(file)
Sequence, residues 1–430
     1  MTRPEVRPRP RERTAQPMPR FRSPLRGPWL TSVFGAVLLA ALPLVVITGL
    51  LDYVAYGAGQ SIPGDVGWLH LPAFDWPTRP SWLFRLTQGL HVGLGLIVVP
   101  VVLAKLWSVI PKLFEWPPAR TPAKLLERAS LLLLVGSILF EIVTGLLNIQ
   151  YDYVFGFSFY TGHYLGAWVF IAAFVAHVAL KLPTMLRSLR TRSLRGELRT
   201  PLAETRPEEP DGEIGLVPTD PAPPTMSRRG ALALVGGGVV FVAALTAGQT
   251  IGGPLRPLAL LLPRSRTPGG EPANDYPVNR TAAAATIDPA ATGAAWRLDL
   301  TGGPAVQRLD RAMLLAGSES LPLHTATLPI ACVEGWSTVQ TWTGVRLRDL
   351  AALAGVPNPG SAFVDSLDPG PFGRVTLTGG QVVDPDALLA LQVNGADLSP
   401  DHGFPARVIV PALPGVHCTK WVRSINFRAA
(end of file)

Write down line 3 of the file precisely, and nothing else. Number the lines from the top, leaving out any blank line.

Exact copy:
    51  LDYVAYGAGQ SIPGDVGWLH LPAFDWPTRP SWLFRLTQGL HVGLGLIVVP